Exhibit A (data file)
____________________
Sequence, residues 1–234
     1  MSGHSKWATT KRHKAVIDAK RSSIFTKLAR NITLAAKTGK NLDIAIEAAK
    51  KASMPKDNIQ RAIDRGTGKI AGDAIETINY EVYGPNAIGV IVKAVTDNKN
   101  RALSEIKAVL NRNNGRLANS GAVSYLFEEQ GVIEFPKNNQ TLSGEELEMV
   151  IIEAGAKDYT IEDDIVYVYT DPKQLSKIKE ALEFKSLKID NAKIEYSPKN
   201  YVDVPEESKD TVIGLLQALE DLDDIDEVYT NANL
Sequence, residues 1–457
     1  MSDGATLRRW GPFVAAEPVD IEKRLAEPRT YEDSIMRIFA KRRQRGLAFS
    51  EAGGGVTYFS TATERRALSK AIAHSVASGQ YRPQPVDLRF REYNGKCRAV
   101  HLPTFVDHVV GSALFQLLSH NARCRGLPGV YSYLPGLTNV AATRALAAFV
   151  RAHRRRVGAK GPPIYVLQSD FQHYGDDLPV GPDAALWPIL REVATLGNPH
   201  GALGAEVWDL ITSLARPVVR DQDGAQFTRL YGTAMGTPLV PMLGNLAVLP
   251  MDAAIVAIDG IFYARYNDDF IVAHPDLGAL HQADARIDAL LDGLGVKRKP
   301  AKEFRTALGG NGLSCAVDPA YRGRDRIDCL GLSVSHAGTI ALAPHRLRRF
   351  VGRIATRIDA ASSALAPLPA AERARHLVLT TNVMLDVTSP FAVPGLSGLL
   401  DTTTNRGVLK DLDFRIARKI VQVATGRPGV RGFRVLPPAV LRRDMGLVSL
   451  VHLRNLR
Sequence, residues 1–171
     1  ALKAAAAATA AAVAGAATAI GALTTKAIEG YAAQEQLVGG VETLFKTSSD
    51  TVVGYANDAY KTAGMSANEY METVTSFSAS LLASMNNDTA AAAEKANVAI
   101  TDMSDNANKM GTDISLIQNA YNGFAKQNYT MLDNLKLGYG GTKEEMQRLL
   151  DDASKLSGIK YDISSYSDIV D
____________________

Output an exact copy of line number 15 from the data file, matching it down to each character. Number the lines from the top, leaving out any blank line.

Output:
   351  VGRIATRIDA ASSALAPLPA AERARHLVLT TNVMLDVTSP FAVPGLSGLL